Important information: The value of investments and the income from them, can go down as well as up, so you may get back less than you invest.

The clock is ticking if you want to use this year’s tax allowances - and make the most of any savings you might have accrued as a welcome, even entirely accidental, by-product of the pandemic.

While the pandemic has caused more than a year of uncertainty and financial misery for so many, there are some people who have made savings since the nation went into its series of on/off lockdowns. With shops closed, expensive overseas holidays off the calendar and fewer places to spend, estimates are that despite the financial challenges many have faced, household savings have hit record levels over the past year.

Whether the year of uncertainty will have changed the nation’s savings habits forever, remains to be seen, but if you are fortunate enough to have accrued additional savings - or perhaps you’ve simply been hyper-disciplined having seen that life can indeed throw you a big fat curve ball - then now is the time to make the most of them, before the tax year ends.

This year the last day of the tax year, which is always 5 April, falls on Easter Monday. So, getting organised and ensuring your finances are in place a few days beforehand is essential this year. Otherwise you could find that with post office deliveries suspended over Easter and banks closed, your account set-ups or transfers are delayed and you could miss the all-important deadline altogether.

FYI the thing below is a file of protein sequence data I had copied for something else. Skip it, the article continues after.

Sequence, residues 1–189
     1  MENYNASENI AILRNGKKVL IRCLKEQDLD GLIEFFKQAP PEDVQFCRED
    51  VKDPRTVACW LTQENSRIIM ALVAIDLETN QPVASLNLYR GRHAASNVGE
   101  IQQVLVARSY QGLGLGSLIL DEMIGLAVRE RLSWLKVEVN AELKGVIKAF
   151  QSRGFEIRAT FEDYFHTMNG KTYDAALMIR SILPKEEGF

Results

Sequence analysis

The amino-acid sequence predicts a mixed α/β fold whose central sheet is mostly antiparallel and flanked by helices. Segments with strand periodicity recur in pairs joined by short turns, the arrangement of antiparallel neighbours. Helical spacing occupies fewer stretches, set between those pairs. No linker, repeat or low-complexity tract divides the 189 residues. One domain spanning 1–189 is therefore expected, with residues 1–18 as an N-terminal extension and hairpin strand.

Looking forward to the future is such an important thing to do and by taking control of your financial plans you also get set to get back to whatever it is you want to, when all this is over.

Now, as always, the best way is to take it slow and steady. Things will eventually change and when they do you will no doubt want to press on with your plans straight away. So you really want to make sure you’re financially prepared today.

By continuing to invest a small, regular sum, you will keep your savings and investments on track. You will also still smooth out any lumps and bumps that can occur when it comes to stock market investing. You still gain when the market rises, and when it falls you also gain - by being able to buy more shares or units for your money.

If you’re not a fan of the ‘in for a penny, in for a pound’ way of investing, making regular savings also allows you to invest at a more sedate pace. And in the current climate that’s no bad thing at all. The more important thing is that you reinvigorate your plans and get your hopes and dreams back on track, slowly but surely.

With a regular savings plan you can save as little as £25 a month into a range of investments. Keep it within your ISA and you’ll benefit from all the tax advantages too. Pretty soon you will have a nice little savings pot and, better still, no need to pay a penny of it to the taxman.

Investing in the stock market rather than keeping your money in cash is also a better idea if you’re looking ahead to medium to long-term goals. With interest rates at an all-time low and little suggestion that they will start to rise any time soon, saving in cash should only be used for money you need instant access to in the short-term. Once you have that sorted you should really consider putting the rest into longer-term investments to give your money a chance to grow.